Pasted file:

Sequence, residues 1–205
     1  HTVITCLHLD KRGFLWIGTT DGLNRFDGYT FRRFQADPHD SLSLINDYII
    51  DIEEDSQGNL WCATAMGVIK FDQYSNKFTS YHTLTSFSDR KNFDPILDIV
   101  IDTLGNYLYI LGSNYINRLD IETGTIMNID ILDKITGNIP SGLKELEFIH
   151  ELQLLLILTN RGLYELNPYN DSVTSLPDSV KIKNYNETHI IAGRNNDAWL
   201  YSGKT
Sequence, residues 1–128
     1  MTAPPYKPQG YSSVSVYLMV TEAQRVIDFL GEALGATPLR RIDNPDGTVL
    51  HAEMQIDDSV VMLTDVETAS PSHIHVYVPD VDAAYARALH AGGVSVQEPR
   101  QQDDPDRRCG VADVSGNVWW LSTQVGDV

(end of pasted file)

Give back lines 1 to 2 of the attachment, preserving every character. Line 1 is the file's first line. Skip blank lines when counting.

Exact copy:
Sequence, residues 1–205
     1  HTVITCLHLD KRGFLWIGTT DGLNRFDGYT FRRFQADPHD SLSLINDYII